FIGS. 25 through 36 illustrate several additional embodiments for the surgical instrument of the present invention. As illustrated, other surgical tools could be included in the surgical instrument to provide additional capabilities to the multifunction surgical instrument 200.

As is illustrated in FIGS. 25 and 26, a scraper/forceps device 470 is attached to the distal end of shaft 280. Again, the scraper/forceps 470 would be extended from bipolar electrode assembly 220 by distally moving shaft 280 within catheter 208 and scraper/forceps 470 would be retracted into the bipolar electrode assembly by proximally moving shaft 280 within catheter 208. Again, the scraper/forceps 470 could be manufactured from any of a variety of materials and can be attached to shaft 280 by any of a variety of attachment methods.

Additionally, scraper/forceps 470 can be configured in any of a variety of physical configurations. FIGS. 27 and 28 illustrate a first possible configuration for a scraper/forceps device. As can be seen in FIGS. 27 and 28, scraper/forceps 470A is comprised of a single finger 472A which includes a scraper portion 474A at its distal end. FIGS. 29 and 30 illustrate a second possible configuration for the scraper/forceps and illustrates the scraper/forceps 470B as a single, elongated, cylindrical structure. FIGS. 31 and 32 illustrate a third possible configuration for a scraper/forceps device. In the embodiment of FIGS. 31 and 32, scraper/forceps 470C is comprised of a first finger 472C and a second finger 473C. First finger 472C includes a scraper portion 474C at its distal end and second finger 473C includes a scraper portion 475C at its distal end. FIGS. 33 and 34 illustrate a fourth possible configuration for a scraper/forceps device where scraper/forceps 470D is comprised of four fingers, namely fingers 472D, 473D, 474D, and 475D. Each finger includes a scraper portion at a distal end thereof.

FIG. 35 illustrates an embodiment for surgical instrument 200 where a retrieval basket 570 has been attached to the distal end of shaft 280. The retrieval basket can be formed in any of a variety of configurations and would be retracted into, and extended from, bipolar electrode assembly 220 through movement of shaft 280 as previously described. Retrieval basket 570 could be utilized in accordance with well-known principles to capture a foreign body from within the body of a patient. The combination bipolar electrode assembly 220 and retrieval basket 570 would provide a single device to control bleeding from a foreign body while using the basket to remove the foreign body. Another use would be polyp or tissue retrieval after polypectomy or mucosectomy when the bipolar electrode assembly is used to treat post-procedural bleeding. The basket can also assist in adherent clot removal prior to cautery.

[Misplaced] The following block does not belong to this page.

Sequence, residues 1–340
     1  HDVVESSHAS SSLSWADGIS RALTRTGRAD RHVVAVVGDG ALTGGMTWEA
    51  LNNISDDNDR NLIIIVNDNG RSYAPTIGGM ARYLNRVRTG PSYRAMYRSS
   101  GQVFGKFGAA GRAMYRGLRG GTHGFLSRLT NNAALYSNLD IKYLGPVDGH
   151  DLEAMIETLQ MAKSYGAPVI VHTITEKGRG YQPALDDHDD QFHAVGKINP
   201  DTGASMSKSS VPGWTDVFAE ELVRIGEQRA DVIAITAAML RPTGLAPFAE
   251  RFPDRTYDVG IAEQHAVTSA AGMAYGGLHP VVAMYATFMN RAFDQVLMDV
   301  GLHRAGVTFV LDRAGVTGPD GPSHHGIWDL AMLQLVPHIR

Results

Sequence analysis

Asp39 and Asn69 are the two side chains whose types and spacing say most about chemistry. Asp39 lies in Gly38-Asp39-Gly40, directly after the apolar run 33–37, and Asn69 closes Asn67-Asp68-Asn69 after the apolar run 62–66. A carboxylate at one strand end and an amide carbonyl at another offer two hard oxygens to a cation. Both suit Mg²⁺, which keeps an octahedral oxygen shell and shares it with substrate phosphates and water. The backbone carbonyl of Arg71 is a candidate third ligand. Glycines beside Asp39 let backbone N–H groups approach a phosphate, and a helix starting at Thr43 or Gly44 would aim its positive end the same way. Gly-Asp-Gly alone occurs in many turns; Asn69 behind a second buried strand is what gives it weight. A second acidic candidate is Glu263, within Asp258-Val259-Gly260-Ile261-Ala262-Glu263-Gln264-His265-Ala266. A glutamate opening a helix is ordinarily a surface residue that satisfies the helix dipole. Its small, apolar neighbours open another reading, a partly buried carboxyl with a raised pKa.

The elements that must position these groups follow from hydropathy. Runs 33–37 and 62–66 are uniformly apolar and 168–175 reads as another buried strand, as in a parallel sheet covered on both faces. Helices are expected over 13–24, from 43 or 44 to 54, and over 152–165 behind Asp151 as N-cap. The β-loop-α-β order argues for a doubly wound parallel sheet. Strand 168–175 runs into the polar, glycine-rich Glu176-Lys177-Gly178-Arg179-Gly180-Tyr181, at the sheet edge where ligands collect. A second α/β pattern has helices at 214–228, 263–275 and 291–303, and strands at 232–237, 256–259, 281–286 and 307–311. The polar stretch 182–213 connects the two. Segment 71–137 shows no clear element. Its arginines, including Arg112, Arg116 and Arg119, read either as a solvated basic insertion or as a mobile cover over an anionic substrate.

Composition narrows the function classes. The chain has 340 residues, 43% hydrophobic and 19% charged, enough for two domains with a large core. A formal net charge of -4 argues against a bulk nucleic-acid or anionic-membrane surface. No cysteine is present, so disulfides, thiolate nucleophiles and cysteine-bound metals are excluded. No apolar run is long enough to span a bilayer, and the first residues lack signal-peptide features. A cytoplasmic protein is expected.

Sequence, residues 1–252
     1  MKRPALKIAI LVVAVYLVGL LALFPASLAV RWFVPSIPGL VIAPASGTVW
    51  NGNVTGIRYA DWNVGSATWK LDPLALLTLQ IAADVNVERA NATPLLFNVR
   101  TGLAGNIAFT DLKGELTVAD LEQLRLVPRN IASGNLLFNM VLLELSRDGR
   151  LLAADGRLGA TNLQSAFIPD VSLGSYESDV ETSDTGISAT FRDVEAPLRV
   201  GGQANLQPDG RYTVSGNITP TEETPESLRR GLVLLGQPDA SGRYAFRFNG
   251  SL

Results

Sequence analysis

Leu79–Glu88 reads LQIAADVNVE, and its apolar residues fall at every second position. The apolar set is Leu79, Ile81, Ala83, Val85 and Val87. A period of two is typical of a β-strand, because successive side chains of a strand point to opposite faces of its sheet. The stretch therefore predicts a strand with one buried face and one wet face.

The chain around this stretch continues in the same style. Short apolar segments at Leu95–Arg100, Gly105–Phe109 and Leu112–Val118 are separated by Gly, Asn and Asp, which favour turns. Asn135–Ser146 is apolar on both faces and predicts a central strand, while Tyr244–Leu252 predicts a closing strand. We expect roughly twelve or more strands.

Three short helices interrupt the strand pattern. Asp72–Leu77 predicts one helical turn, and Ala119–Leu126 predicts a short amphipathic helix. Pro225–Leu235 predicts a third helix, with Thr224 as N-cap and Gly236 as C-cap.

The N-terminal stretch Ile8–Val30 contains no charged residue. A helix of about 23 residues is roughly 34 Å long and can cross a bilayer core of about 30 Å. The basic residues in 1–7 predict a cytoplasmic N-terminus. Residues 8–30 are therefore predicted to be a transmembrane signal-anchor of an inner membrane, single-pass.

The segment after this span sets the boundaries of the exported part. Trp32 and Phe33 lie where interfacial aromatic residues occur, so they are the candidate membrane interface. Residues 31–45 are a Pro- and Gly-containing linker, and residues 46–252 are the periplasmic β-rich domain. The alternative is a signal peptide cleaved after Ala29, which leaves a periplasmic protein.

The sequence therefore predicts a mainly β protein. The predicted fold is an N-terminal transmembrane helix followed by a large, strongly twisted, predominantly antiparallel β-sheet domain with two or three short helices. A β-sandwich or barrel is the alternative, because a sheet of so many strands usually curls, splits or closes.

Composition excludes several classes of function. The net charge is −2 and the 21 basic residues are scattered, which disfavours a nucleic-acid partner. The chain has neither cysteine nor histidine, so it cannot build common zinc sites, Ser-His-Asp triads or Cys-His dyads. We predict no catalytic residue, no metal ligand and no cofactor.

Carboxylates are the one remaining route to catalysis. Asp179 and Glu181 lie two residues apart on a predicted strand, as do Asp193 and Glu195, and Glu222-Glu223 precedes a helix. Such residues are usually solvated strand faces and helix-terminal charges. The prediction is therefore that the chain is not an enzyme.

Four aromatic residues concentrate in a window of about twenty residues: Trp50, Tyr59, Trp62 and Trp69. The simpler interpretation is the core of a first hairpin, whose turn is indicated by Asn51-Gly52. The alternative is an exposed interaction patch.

FIG. 36 illustrates an embodiment for surgical instrument 200 where a cytology brush 670 has been attached to the distal end of shaft 280. The cytology brush 670 would be used in accordance with well-known principals, e.g., for sampling for H Pylori before or after ulcer cautery.

FIG. 37 illustrates an embodiment for the multi-function surgical instrument where a balloon 770 has been added to the outside diameter of the catheter main shaft 208. The balloon 770 is disposed on the outside diameter of the catheter 208 and in a proximal direction with respect to bipolar electrode assembly 220. In order to provide for inflation and deflation of balloon 770, a balloon hub 772, as illustrated in FIG. 38, would be provided at the proximal end of the surgical instrument and could be provided as an extrusion off of the catheter main shaft 208. A lumen could be provided from the balloon hub 772, either through the main catheter shaft 208 or external to the main catheter shaft 208, to extend to balloon 770 for inflation and deflation of balloon 770. It should be understood that a balloon device 770 as illustrated in FIG. 37 could be utilized with any of the other previously discussed embodiments for the multi-function surgical instrument.